Data centre managers are expected to experience an increase in user expectations, while at the same time the tough economic times will force cutting costs, according to a report by Symantec, a security software firm.
A data centre is a facility used to house computer systems and associated components, such as telecommunications and storage systems. It generally includes backup power supplies, data communications connections, air-conditioning, fire suppression systems and security devices.
The report says recruiting qualified staff is a problem, infrastructure such as servers and storage are under-used and the implementation of green data centre initiatives were completely based on cost benefits.
"These findings are not unexpected as the emphasis has shifted to improving the present set of services," said Balashanker Das, Group CIO at Al Jaber. "There will changes to plans for 2009 but as an organisation grows its IT functions and requirements will grow.
"In our organisation the forecast for 2009 focuses on improving efficiencies internally and also working with the existing manpower."
Of those surveyed by Symantec, 75 per cent said user expectations were rising either gradually or rapidly. Furthermore, 60 per cent said meeting the required service levels was more difficult or much more difficult. Only 10 per cent said service levels were easier to meet.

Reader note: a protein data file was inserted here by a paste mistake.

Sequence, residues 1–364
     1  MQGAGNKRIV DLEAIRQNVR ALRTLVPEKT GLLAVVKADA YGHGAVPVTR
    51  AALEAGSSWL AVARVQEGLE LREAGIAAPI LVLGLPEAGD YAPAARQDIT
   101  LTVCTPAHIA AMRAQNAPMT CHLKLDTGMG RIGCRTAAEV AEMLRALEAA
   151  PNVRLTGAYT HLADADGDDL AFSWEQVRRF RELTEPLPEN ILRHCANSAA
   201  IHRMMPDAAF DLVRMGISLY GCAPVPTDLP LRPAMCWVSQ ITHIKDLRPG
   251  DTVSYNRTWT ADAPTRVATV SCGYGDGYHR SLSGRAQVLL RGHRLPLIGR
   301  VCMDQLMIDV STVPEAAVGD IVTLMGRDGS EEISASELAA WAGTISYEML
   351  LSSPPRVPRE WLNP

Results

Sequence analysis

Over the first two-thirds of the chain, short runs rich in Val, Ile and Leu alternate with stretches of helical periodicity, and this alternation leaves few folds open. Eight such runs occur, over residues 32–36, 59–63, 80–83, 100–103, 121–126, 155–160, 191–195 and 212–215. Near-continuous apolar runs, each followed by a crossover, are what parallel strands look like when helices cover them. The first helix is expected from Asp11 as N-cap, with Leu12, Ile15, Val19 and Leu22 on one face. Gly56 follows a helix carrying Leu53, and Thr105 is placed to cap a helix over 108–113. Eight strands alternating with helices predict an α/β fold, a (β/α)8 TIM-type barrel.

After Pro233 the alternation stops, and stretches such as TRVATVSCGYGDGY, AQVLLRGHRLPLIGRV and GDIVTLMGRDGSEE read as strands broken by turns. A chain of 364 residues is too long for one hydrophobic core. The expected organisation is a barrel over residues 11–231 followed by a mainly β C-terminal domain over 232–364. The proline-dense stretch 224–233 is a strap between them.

And when those quizzed were asked to identify their key objectives for the year, reducing costs was by far the most frequently mentioned goal. In fact reducing costs was mentioned by more companies than the next two objectives – improving service levels and improving responsiveness – combined.
The key aim of data centres was to "do more with less", including automating routine tasks (mentioned by 42 per cent of respondents), cross-training staff (40 per cent) and reducing data centre complexity (35 per cent).
Dimension Data, a Dubai-based system integrator and solution provider based, provides data centre solutions across the region. Sales and Marketing Director Nader Atout said: "In the UAE customers are looking at centralising data. There is a big demand for servers, people and infrastructure and this is provided by opting for technologies like virtualisation and blade servers. The new data centres being set up in the region are looking at these options while the old ones need to add more space and staff."
Blade servers are self-contained, all-inclusive computer servers. Atout said some organisations were looking at managed services for data centres. "With managed services we take care of the management and staffing but it is still not very common in the region," he added. The report says seven out of 10 of those quizzed said IT budgets had risen in the past two years, with 45 per cent seeing annual increases of 10 per cent or more.
Das added: "Budgets depend on the investment priorities of the company. IT is now linked directly to efficiency. There has been no change in our budgets but we are being cautious."